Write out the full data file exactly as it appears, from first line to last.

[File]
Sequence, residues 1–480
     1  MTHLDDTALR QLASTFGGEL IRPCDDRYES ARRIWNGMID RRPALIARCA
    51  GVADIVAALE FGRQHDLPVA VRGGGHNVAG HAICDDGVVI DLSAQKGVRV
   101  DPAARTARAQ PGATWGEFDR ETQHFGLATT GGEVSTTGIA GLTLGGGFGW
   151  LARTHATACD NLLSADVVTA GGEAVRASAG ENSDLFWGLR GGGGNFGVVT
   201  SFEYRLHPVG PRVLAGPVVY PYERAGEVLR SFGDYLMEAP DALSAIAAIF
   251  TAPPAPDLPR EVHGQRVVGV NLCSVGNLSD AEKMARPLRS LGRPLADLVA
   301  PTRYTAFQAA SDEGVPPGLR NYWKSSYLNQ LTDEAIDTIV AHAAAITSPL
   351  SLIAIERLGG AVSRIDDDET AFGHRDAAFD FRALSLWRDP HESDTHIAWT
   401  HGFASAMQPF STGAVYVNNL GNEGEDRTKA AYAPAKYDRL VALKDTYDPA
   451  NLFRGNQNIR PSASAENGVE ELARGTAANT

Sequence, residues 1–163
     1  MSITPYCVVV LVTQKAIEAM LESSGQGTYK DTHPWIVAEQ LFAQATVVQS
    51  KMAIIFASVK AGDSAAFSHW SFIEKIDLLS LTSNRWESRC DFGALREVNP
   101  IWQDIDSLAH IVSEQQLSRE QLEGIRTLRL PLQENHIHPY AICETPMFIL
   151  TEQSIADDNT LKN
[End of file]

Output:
Sequence, residues 1–480
     1  MTHLDDTALR QLASTFGGEL IRPCDDRYES ARRIWNGMID RRPALIARCA
    51  GVADIVAALE FGRQHDLPVA VRGGGHNVAG HAICDDGVVI DLSAQKGVRV
   101  DPAARTARAQ PGATWGEFDR ETQHFGLATT GGEVSTTGIA GLTLGGGFGW
   151  LARTHATACD NLLSADVVTA GGEAVRASAG ENSDLFWGLR GGGGNFGVVT
   201  SFEYRLHPVG PRVLAGPVVY PYERAGEVLR SFGDYLMEAP DALSAIAAIF
   251  TAPPAPDLPR EVHGQRVVGV NLCSVGNLSD AEKMARPLRS LGRPLADLVA
   301  PTRYTAFQAA SDEGVPPGLR NYWKSSYLNQ LTDEAIDTIV AHAAAITSPL
   351  SLIAIERLGG AVSRIDDDET AFGHRDAAFD FRALSLWRDP HESDTHIAWT
   401  HGFASAMQPF STGAVYVNNL GNEGEDRTKA AYAPAKYDRL VALKDTYDPA
   451  NLFRGNQNIR PSASAENGVE ELARGTAANT

Sequence, residues 1–163
     1  MSITPYCVVV LVTQKAIEAM LESSGQGTYK DTHPWIVAEQ LFAQATVVQS
    51  KMAIIFASVK AGDSAAFSHW SFIEKIDLLS LTSNRWESRC DFGALREVNP
   101  IWQDIDSLAH IVSEQQLSRE QLEGIRTLRL PLQENHIHPY AICETPMFIL
   151  TEQSIADDNT LKN